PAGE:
Update 2: UK & US blame North Korea for WannaCry - 'directly responsible'

News by Teri Robinson

North Korea was behind the WannaCry ransomware that blazed a destructive path around the world last spring, wreaking havoc on companies of all stripes say both UK and US officials.

North Korea was behind the WannaCry ransomware that blazed a destructive path around the world last spring, wreaking havoc on hospitals, the financial sector, FedEx, and companies of all stripes, a high-ranking adviser in the US Trump administration said Monday.

Then today (19/12/2018) the UK Foreign Office Minister Lord Ahmad of Wimbledon backed up the assertions, also attributing the WannaCry ransomware incident to North Korean actors the Lazarus Group. "The decision to publicly attribute this incident sends a clear message that the UK and its allies will not tolerate malicious cyber activity," said the government release.

After the UK National Health service was severely impacted by Wannacry, the UK led the international investigation, and within weeks, in May 2017, the UK National Cyber Security Centre (NCSC) attributed the attack to North Korea.

The WannaCry ransomware incident impacted 300,000 computers in 150 countries including 48 NHS trusts.

Minister for Cyber, Lord Ahmad has now said: "The UK's National Cyber Security Centre assesses it is highly likely that North Korean actors known as the Lazarus Group were behind the WannaCry ransomware campaign – one of the most significant to hit the UK in terms of scale and disruption.  We condemn these actions and commit ourselves to working with all responsible states to combat destructive criminal use of cyber-space. The indiscriminate use of the WannaCry ransomware demonstrates North Korean actors using their cyber programme to circumvent sanctions.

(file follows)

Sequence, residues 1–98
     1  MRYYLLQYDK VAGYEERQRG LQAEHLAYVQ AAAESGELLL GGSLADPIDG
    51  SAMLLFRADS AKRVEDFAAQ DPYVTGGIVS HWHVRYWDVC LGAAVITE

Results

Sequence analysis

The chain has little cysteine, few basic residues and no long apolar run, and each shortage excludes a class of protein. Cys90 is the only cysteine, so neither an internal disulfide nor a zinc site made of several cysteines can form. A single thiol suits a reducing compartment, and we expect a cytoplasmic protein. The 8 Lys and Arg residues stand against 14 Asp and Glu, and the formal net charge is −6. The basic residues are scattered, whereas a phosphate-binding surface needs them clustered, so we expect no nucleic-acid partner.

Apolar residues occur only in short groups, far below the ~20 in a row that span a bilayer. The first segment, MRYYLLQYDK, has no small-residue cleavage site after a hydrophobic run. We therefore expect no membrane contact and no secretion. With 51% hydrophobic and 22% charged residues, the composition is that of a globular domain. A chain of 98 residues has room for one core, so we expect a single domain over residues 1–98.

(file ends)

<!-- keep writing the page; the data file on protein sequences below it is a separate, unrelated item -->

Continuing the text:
"International law applies online as it does offline. The United Kingdom is determined to identify, pursue and respond to malicious cyber activity regardless of where it originates, imposing costs on those who wish to attack us in cyberspace. We are committed to strengthening coordinated international efforts to uphold a free, open, peaceful and secure cyberspace."

Referring to WannaCry as widespread, costly and “indiscriminately reckless,” US President Trump's homeland security adviser, Tom Bossert, said in a Wall Street Journal opinion piece that “North Korea is directly responsible.”